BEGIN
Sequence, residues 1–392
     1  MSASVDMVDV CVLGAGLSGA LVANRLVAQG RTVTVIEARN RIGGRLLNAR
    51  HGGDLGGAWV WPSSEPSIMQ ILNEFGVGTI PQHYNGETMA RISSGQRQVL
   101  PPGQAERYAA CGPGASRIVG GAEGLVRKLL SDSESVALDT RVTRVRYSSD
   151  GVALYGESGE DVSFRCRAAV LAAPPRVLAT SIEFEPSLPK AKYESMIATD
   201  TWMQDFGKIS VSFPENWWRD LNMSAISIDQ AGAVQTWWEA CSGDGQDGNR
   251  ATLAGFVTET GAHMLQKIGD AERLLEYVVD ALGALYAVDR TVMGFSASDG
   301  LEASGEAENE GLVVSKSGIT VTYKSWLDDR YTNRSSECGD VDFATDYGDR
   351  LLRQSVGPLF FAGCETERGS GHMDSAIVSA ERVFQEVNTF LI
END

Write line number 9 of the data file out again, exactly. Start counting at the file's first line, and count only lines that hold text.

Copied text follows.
   351  LLRQSVGPLF FAGCETERGS GHMDSAIVSA ERVFQEVNTF LI